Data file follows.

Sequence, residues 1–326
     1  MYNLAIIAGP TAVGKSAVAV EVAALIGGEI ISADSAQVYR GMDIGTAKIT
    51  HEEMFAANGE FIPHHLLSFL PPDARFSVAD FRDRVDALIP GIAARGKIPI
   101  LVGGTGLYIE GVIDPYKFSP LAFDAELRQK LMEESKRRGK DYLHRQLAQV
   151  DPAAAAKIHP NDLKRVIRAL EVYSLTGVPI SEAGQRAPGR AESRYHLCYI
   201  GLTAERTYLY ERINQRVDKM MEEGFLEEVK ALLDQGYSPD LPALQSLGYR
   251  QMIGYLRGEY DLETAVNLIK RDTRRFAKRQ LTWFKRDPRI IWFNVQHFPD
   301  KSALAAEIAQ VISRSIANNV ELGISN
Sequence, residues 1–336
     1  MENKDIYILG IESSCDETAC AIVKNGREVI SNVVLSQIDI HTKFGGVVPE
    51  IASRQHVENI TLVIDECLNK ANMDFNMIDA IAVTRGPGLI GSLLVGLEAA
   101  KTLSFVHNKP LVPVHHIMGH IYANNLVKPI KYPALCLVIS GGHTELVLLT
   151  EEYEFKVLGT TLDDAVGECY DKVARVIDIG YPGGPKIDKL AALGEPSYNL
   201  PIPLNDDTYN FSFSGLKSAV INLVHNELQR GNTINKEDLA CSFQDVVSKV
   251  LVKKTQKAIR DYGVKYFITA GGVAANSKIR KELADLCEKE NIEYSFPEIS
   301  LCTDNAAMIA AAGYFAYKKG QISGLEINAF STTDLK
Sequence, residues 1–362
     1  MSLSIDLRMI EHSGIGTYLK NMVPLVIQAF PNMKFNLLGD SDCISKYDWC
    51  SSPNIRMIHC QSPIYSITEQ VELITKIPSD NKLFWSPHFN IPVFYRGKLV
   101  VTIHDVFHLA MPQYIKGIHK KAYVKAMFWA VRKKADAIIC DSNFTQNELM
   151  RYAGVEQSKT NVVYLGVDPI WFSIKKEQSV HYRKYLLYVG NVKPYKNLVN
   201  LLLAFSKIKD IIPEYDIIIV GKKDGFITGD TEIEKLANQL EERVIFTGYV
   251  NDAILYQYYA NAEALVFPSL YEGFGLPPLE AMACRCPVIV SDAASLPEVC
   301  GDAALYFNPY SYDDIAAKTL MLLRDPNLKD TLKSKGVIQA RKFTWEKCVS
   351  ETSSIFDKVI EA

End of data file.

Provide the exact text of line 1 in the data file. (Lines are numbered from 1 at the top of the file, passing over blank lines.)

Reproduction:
Sequence, residues 1–326